Yeah. And they have to do it in the fastest, most expedient way. And they know that if I diagnose you with if I diagnose you with fibro first and everything works, then I hit the nail on the head, because exactly because you weren't showing the HLA gene. The issue was that your family Is and so that was the missing piece. I just, I get very aggravated by it because man or woman, nobody should have to suffer with this damn disease.

Julie Caviezel:
Yeah and it's also frustrating to me because I try not to think about it, but just in our conversation, it obviously brings it up. But I wonder sometimes if I had been diagnosed earlier would I have had as much joint damage and pain and maybe my life would have been different. Who knows, I mean, it can be, especially when you're not diagnosed and you're kind of going down a rabbit hole of sorts and you're just in chronic pain and fatigue and you don't know what is wrong and you feel like you're fighting against your body. Like I liken it to walking in a wind tunnel against the wind and it's just this extremely frustrating, fatiguing, feeling that you're fighting all the time. It affects your relationships. I've lost friends because I've gone through periods It's where I've been so anxious and so irritable and just not myself. And so yeah, I mean, it definitely affects your entire existence. And I mean, I guess there's no point to do the whole what ifs, but it is.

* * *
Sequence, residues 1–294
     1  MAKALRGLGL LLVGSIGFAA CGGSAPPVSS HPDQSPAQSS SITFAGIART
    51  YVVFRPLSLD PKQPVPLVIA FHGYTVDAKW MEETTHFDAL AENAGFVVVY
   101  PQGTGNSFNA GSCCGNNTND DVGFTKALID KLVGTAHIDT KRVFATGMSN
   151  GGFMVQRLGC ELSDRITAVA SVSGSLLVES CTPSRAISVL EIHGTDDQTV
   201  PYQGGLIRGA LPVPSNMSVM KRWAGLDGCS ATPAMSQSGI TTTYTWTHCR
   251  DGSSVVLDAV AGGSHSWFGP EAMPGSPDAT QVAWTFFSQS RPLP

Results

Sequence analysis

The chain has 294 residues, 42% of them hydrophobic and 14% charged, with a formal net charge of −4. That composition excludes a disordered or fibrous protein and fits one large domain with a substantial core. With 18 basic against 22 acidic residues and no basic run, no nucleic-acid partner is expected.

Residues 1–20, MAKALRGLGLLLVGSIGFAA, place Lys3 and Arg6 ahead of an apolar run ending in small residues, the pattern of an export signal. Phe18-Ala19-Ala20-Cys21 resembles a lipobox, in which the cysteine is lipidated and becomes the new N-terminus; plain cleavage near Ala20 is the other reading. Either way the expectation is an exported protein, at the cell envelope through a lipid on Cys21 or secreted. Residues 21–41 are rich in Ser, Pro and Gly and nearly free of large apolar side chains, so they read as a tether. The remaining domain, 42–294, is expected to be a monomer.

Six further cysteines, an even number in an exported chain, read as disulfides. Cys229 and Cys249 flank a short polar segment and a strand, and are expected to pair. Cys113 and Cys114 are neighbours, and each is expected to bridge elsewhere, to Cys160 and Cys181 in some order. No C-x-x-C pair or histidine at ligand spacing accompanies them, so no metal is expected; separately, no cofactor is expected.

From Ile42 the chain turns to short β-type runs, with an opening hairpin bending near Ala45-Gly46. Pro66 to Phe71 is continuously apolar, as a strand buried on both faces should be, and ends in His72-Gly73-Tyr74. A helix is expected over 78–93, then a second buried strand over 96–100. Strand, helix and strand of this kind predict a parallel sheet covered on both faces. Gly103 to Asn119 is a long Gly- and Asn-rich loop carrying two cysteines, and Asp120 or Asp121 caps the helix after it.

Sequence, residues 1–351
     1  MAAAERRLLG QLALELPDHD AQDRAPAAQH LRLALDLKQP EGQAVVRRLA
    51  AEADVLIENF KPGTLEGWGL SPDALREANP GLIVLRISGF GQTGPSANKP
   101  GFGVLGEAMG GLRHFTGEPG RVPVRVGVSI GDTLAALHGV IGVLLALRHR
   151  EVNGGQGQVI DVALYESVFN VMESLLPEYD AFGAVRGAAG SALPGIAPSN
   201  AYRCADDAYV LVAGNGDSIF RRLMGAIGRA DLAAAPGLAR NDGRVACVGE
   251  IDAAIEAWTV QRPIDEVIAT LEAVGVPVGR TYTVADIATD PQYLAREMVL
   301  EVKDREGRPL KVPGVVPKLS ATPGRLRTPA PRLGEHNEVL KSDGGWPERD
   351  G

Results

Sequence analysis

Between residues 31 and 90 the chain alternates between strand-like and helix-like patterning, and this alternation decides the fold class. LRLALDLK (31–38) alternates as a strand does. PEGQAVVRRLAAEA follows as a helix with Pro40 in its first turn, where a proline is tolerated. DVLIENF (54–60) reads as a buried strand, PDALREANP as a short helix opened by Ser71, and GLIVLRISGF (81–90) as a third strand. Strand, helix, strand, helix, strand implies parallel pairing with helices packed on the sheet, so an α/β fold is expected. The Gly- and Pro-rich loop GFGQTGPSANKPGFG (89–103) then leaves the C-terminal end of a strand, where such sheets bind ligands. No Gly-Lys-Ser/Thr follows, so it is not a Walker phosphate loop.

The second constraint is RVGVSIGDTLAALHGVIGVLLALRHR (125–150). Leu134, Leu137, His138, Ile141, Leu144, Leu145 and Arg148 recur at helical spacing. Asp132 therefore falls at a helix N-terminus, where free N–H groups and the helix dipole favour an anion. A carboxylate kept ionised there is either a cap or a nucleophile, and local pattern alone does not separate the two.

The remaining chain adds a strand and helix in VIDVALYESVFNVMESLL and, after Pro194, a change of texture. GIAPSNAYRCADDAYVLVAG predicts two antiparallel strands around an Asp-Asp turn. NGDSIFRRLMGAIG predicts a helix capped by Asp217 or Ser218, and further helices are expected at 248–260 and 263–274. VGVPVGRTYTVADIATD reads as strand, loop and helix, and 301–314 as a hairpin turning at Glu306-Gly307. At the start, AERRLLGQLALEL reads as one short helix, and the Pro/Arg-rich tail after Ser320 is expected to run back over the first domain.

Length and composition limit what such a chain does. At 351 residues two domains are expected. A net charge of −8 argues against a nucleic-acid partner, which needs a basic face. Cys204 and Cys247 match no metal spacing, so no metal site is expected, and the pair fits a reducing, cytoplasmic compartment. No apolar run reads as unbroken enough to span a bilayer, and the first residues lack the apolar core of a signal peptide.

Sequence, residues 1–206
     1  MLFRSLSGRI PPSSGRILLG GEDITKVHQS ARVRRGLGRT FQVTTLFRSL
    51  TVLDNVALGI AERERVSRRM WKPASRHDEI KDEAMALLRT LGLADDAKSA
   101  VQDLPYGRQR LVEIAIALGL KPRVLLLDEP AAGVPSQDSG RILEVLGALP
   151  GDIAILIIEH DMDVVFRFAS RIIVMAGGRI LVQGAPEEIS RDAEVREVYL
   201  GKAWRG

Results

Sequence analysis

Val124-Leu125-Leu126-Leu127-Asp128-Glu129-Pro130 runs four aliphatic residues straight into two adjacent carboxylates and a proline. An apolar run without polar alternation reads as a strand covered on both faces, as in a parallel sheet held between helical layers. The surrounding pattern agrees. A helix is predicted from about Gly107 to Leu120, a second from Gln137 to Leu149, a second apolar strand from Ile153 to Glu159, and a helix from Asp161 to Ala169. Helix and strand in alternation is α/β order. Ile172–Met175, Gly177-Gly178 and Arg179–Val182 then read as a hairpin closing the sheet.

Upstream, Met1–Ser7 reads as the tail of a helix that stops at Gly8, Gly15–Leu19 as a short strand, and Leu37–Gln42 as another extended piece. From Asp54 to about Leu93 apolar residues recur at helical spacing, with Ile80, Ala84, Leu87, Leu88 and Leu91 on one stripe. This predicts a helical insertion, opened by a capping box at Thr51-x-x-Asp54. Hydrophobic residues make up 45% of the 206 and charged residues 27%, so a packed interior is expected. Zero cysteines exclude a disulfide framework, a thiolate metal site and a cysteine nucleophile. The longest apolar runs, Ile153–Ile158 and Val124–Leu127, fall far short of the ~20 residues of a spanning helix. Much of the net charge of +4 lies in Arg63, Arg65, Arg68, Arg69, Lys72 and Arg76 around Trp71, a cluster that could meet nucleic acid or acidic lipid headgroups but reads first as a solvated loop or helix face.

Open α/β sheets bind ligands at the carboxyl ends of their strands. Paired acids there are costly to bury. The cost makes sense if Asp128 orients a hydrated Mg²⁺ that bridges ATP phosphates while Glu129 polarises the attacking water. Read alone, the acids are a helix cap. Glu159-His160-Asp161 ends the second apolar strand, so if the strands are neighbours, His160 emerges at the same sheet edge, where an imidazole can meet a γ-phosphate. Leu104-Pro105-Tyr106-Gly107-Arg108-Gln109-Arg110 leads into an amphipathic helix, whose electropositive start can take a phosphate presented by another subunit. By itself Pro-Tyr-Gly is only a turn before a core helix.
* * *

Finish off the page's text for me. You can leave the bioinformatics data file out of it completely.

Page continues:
Jayson Sacco:
Yeah, everything can derive a what if but I completely agree that I never knew if I was an anxious person or, and or have the as caused me to be an anxious person, but my anxiety level was through the roof. Sometimes bordering on just almost paranoia type levels of anxiety. Yeah. And I went unmedicated and it created issues. I've lost marriages because of it, friends, and I correct some of that and that's the next topic that we're going to talk about. I'm going to skip over the biologics for a minute. I am a huge proponent of them. But on top of biologics, there's also another way that you can help with things like sleep, pain, the anxiety that we discussed. And that's the use of cannabis. Yes. And you are a big proponent of the use of cannabis, which is one of the things I as am I, I think it's ridiculous that it's not legal in all 50 states and I, I use it for sleep not regularly I I don't use it near as much as I think might be fun, but it is a fantastic for me, anxiety reliever as well as a sleep inducer.

Julie Caviezel: